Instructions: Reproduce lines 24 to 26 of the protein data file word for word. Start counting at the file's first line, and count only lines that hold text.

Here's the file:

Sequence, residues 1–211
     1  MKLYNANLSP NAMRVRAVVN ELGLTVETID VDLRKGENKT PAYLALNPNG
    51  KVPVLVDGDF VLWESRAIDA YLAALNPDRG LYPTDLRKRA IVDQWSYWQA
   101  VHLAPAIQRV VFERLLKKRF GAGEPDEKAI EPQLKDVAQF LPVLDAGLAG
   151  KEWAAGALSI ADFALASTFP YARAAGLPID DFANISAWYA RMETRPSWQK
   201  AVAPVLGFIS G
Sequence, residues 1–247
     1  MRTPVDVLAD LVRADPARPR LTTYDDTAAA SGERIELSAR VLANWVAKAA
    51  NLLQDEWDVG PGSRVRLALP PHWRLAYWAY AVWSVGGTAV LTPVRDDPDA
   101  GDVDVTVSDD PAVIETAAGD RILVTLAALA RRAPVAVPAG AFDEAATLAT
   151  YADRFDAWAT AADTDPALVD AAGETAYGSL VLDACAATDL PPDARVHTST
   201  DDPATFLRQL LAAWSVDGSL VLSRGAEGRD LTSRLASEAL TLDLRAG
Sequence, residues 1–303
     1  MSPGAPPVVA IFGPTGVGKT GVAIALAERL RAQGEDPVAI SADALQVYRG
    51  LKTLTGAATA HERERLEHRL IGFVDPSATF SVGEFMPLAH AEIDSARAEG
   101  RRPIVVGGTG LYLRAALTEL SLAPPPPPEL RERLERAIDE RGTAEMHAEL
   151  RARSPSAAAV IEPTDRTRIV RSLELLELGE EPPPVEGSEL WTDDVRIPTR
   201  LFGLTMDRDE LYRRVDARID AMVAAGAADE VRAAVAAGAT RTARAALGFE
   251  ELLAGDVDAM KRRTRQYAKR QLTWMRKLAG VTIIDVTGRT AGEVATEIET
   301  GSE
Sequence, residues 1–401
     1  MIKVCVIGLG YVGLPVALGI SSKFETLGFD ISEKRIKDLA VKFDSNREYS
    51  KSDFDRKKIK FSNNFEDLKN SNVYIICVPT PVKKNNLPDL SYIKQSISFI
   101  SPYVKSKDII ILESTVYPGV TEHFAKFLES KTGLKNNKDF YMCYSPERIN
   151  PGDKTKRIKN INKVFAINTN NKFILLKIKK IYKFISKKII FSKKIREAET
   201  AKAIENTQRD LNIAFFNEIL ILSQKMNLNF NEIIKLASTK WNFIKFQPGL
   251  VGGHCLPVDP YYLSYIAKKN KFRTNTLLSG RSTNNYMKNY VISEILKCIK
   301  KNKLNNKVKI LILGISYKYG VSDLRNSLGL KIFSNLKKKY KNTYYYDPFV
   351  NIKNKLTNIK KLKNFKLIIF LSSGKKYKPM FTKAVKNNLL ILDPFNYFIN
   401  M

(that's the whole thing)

   101  SPYVKSKDII ILESTVYPGV TEHFAKFLES KTGLKNNKDF YMCYSPERIN
   151  PGDKTKRIKN INKVFAINTN NKFILLKIKK IYKFISKKII FSKKIREAET
   201  AKAIENTQRD LNIAFFNEIL ILSQKMNLNF NEIIKLASTK WNFIKFQPGL